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Understanding Electoral Bonds: An Insight into India's Political Funding Mechanism

CMA Sonam Verma , Last updated: 14 March 2024  


Electoral bonds have emerged as a significant component of India's political funding mechanism, aiming to enhance transparency and accountability in political financing. Introduced by the Government of India in 2018, electoral bonds are financial instruments that allow individuals and corporations to donate money to political parties. Despite their intention to reform political funding, electoral bonds have sparked debates regarding their efficacy, transparency, and impact on democracy. In this article, we'll delve into the concept of electoral bonds, their functioning, controversies surrounding them, and their implications for Indian democracy.

What are Electoral Bonds?

Electoral bonds are essentially bearer instruments similar to promissory notes, which can be purchased by any citizen or corporate entity from select branches of authorized banks. These bonds are issued in multiples of specified denominations, ranging from Rs. 1,000 to Rs. 1 crore. Unlike traditional donations made directly to political parties, electoral bonds maintain the anonymity of the donor, as they do not bear the donor's name.

Understanding Electoral Bonds: An Insight into India s Political Funding Mechanism

Functioning of Electoral Bonds

  1. Purchase: Any individual or corporation can purchase electoral bonds from authorized banks during specific periods announced by the government.
  2. Donation: The purchased bonds can be donated to eligible political parties within fifteen days of issuance. Only political parties registered under the Representation of the People Act, 1951, and securing at least 1% of votes in the preceding general election are eligible to receive these bonds.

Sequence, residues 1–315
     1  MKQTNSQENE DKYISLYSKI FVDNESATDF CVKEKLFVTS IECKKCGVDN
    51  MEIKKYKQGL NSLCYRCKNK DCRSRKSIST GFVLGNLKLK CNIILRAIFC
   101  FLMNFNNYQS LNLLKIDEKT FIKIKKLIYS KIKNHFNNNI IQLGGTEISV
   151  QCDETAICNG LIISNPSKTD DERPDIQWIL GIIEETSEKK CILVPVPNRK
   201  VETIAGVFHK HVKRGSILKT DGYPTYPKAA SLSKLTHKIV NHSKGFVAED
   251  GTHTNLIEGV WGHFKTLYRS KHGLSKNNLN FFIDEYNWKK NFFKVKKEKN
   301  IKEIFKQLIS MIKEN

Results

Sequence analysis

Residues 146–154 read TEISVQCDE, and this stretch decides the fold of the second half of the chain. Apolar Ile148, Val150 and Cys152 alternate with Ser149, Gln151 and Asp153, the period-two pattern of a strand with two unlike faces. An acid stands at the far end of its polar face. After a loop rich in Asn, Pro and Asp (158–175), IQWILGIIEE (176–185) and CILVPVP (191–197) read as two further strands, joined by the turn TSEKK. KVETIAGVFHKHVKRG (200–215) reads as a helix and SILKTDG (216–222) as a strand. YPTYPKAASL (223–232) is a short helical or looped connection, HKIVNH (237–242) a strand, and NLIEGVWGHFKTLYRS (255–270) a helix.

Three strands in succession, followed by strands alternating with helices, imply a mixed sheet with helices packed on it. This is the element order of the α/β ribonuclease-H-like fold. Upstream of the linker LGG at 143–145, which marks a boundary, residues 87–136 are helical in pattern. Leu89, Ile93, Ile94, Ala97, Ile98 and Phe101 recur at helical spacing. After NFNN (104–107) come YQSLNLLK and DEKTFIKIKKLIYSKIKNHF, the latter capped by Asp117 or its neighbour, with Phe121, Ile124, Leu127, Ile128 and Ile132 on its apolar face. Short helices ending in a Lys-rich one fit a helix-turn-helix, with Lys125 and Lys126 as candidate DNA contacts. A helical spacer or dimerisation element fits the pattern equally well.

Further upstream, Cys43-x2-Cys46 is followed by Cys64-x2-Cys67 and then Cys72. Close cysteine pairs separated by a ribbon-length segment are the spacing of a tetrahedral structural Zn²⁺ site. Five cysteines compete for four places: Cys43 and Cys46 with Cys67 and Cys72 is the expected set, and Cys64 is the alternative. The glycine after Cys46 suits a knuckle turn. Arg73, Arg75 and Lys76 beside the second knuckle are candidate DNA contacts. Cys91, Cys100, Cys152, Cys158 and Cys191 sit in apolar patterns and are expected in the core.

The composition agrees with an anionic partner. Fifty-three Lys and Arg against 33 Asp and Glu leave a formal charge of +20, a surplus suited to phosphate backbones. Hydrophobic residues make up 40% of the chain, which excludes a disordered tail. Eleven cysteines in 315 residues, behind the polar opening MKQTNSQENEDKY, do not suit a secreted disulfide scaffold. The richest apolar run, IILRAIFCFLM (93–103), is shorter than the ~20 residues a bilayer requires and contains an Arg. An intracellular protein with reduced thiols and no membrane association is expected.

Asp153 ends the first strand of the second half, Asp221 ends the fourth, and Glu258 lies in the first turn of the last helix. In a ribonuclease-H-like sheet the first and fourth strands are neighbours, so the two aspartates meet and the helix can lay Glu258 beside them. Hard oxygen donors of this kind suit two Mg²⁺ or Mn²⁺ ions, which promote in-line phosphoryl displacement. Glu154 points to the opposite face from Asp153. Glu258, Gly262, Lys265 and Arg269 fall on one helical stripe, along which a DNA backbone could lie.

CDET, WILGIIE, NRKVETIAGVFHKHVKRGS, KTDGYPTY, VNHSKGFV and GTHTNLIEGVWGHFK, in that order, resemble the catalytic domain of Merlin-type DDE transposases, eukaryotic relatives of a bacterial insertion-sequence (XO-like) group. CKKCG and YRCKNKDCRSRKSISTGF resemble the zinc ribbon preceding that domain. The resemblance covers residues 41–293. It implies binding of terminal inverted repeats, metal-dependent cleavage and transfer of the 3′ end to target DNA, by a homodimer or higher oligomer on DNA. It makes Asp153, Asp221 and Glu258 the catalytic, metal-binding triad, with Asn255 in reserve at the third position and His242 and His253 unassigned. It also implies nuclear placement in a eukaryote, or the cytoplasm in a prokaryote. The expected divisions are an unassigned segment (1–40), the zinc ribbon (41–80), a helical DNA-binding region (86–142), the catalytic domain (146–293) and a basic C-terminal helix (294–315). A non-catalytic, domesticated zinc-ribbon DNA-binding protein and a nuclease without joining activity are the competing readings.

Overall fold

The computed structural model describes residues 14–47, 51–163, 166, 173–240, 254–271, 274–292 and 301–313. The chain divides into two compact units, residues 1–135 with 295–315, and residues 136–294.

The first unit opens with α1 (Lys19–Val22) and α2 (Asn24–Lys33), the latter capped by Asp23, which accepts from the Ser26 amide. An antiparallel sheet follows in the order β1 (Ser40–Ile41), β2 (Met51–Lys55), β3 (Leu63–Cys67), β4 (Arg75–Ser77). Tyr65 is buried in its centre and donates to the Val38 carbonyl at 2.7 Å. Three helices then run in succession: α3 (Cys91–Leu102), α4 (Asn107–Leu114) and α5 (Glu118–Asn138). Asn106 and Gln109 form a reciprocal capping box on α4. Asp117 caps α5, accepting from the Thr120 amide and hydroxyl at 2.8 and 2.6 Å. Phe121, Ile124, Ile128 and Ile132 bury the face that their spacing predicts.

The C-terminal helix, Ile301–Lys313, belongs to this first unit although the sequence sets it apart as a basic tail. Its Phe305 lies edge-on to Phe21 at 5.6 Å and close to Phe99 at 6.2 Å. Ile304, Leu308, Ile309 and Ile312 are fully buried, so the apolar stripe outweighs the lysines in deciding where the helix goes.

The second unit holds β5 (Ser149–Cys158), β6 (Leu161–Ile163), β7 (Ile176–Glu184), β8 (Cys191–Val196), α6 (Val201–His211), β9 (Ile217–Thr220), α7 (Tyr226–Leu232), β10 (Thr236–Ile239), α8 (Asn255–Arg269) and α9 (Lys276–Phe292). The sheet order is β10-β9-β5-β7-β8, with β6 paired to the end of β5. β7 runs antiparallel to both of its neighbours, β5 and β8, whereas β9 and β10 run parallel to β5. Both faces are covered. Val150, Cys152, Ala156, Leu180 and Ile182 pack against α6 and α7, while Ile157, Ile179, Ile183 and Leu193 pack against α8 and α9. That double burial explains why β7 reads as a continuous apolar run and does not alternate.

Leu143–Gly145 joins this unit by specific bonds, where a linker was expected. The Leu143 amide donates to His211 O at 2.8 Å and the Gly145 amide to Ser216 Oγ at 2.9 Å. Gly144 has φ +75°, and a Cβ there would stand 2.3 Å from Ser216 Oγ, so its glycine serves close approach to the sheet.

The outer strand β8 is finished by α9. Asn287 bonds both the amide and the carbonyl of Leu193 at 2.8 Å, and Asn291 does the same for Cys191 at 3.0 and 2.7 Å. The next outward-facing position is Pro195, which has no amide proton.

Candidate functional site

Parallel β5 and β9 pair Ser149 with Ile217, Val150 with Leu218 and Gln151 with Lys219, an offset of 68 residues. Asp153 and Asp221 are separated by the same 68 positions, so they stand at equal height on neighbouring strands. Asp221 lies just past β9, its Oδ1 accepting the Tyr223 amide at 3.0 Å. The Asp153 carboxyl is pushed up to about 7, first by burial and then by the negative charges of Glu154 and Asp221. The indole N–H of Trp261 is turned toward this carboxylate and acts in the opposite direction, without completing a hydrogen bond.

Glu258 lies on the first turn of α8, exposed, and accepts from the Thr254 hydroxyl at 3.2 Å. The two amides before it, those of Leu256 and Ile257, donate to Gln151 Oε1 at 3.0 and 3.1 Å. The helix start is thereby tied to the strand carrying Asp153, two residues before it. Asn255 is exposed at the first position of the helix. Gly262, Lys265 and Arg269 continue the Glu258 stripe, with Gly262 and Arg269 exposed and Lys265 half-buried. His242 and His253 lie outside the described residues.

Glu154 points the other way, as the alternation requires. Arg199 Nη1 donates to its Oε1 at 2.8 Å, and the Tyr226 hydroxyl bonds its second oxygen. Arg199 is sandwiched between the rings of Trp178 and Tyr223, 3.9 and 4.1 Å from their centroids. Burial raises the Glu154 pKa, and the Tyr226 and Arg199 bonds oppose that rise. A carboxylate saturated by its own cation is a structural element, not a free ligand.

3. Redemption: Political parties can encash these bonds within fifteen days of receipt through designated bank accounts. The redemption process ensures that the donated funds are deposited in the party's account without revealing the donor's identity.

Controversies Surrounding Electoral Bonds

  1. Anonymity of Donors: Critics argue that the anonymity provided by electoral bonds undermines transparency in political funding, as it conceals the identity of donors. This opacity raises concerns regarding potential quid pro quo arrangements between political parties and donors.
  2. Lack of Accountability: Electoral bonds do not require political parties to disclose the identity of donors publicly. This lack of disclosure reduces accountability and makes it challenging for citizens to scrutinize the funding sources of political parties.
  3. Potential for Money Laundering: Some experts raise concerns about the potential misuse of electoral bonds for money laundering funds into the political system due to the anonymity afforded to donors.
  4. Unequal Access: Critics argue that electoral bonds disproportionately benefit larger political parties with established connections to corporate entities, thereby exacerbating inequalities in political funding.

Implications for Indian Democracy

  1. Transparency vs. Anonymity: The use of electoral bonds reflects a delicate balance between enhancing transparency in political funding and protecting the anonymity of donors. Striking

this balance is crucial for promoting trust in the political process while safeguarding the privacy rights of individuals.

  1. Democratizing Political Funding: Electoral bonds have the potential to broaden the donor base by encouraging individuals and corporations to contribute to political parties. However, ensuring equal access to political funding remains a challenge, particularly for smaller or regional parties.
  2. Reforming Political Finance: Despite criticisms, electoral bonds represent an attempt to reform India's opaque political finance system by introducing a structured mechanism for donations. However, further reforms may be necessary to address existing loopholes and enhance transparency.


Electoral bonds constitute a significant step towards reforming political funding in India, aiming to balance transparency and donor anonymity. While they offer a structured mechanism for contributions to political parties, electoral bonds have sparked debates regarding their transparency, accountability, and potential for misuse. As India's democracy evolves, it is imperative to continually evaluate and refine mechanisms like electoral bonds to strengthen democratic institutions and foster greater public trust in the political process.

In recent case (Sharad Pawar v. Ajit Anantrao Pawar & Anr. | Special Leave Petition (Civil) No. 4248 of 2024) supreme court has ordered SBI to submit the Electoral bond funding details. Kindly refer the latest update on the case as on date.

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CMA Sonam Verma
(Practicing CMA)
Category Income Tax   Report

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